How one fabricator stepped into the future.
By Jeff Moravec
Marine Tops Unlimited Inc. has been providing custom fabrication for Wisconsin boats for just shy of 40 years. Kyle Van Damme, who with his father owns the company in Omro, west of Oshkosh, has for the vast majority of those years done fabrication the old-fashioned way—designing and measuring by hand, not by computer.
But Van Damme is now among the “new breed” of fabricators who have embraced the tech world, convinced that even with what could be a steep learning curve, the efficiency and precision of the digital world is where the future lies.
“When we started thinking about it, we had more questions than answers,” Van Damme says. “Our thought process was simply that someday this will make us faster. And it would allow repeatability; if we had to work on a certain boat again, to replace something that was broken or worn out, we’d already have the CAD cut file ready to go. Kind of like, ‘press play and let’s start cutting.’”
Many of the manufacturers that make the hardware and software for today’s fabricators wouldn’t necessarily call theirs a nascent industry—many have been around for decades. But they’re seeing a recognition among more and more fabricators that they better get on board before the ship sails (so to speak). The future is here, even though there may be some bumps along the road.
What are the best tools?
The biggest question, of course, when a fabricator is considering the leap to digital is what are the best tools to use? While the number of choices may be relatively small, the investment is not inconsequential to most businesses, so everybody wants to get it right the first time around.
Van Damme says he had no preconceived notions about what products might work best for him.
“What we did was not real complicated,” he explains. “It was a lot of looking at what other people I knew in the industry were doing. We went to a lot of Marine Fabricators Association events, and other things, just asking questions.”
Marine Tops has a long history of “being very efficient and doing high-quality work,” which Van Damme believes made the transition to digital a little easier than it might otherwise have been. He also says that adopting both 2D and 3D digital processes, while a “daunting task,” was the right way to make the transition. He also points to the fact that the company has been patterning enclosures all in one shot for decades, which he says helped with the transition to 3D.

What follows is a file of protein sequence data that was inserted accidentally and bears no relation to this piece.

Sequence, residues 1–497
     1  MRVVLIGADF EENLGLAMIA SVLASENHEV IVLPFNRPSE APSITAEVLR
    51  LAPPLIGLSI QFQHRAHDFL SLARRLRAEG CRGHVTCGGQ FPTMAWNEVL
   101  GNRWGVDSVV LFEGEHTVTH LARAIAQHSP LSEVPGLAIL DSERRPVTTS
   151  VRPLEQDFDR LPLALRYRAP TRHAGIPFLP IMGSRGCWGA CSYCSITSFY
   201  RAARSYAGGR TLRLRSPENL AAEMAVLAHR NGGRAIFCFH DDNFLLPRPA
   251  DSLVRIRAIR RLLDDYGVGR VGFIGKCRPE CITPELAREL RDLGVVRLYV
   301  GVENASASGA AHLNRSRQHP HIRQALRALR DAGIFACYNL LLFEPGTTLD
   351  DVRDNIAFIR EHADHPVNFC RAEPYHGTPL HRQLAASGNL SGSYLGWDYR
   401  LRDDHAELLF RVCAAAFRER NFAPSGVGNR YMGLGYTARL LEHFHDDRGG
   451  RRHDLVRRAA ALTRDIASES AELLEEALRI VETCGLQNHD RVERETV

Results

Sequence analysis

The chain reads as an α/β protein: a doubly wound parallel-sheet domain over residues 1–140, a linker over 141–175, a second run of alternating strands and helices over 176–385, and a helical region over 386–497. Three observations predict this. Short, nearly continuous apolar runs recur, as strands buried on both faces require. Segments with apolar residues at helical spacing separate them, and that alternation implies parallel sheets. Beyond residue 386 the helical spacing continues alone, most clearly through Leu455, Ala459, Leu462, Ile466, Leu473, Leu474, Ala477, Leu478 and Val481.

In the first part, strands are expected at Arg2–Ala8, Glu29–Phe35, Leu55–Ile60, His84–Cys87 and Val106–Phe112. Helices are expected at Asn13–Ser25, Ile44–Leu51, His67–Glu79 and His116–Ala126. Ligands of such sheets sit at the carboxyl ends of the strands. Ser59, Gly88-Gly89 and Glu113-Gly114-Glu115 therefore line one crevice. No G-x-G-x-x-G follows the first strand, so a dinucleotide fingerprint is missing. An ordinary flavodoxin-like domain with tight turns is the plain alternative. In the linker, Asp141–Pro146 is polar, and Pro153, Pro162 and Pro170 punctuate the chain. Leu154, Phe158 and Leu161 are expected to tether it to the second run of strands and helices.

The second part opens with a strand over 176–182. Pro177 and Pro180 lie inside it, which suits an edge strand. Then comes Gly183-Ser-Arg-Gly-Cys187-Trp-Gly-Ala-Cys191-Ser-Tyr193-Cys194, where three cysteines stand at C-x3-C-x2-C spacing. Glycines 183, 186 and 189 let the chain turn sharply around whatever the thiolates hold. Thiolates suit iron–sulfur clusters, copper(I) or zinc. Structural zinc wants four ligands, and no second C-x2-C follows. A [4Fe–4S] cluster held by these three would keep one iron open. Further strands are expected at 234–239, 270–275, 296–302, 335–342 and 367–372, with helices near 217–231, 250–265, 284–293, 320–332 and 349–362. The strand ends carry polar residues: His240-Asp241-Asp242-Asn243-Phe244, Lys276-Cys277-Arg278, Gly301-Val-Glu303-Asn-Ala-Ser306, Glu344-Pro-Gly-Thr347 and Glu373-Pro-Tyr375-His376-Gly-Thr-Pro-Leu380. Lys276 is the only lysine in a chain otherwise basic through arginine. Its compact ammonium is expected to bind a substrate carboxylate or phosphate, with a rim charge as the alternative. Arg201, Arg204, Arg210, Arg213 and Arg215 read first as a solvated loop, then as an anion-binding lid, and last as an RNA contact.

Van Damme believes that his company has approached the move to digital in a relatively careful way. “We never wanted to be the guinea pig” for new, unproven products, he says. As well, he has kept the company’s cash outlay on the low side: Marine Tops has purchased much of the equipment and software it needed for about $50,000, certainly not an inconsiderable amount but fairly conservative as this goes. (On the other hand, the company has yet to purchase an automated cutting table system, the final and most expensive part of a system. This article does not cover plotters and cutters, which will be reviewed in a future article.)
While fabricators such as Van Damme have taken the leap into digital, he says it will be awhile before he feels like he’s come close to mastering the intricacies. “On some of this software, our industry will only be using 1 percent,” he says. “But by keeping close track of what we do and documenting all the steps for the various processes, I’ll be able someday to hand this over to someone else—and they’ll be able to do what we’re learning now, step by step.”
This article includes a brief overview of the products that Marine Tops has been using, with some comments by the product representatives. This is by no means an exhaustive list, and Van Damme doesn’t claim that the purchasing decisions his shop made are the same that every shop should make—everybody has their own needs, and how they can be met should be determined by a company’s own research.
Proliner 3D measuring device
There are several technologies for measuring boats, such as wired probes, laser pointers, laser scanners and white-light scanners. Van Damme uses a point-to-point patterning system from Prodim USA, based in Fort Pierce, Fla., called the Proliner, a turnkey solution which uses a cable for measuring.
While touchless laser systems have been growing in popularity, Van Damme says he was worried about their “limitations, such as difficulty reading in sunlight … but then again all systems have some limitations.”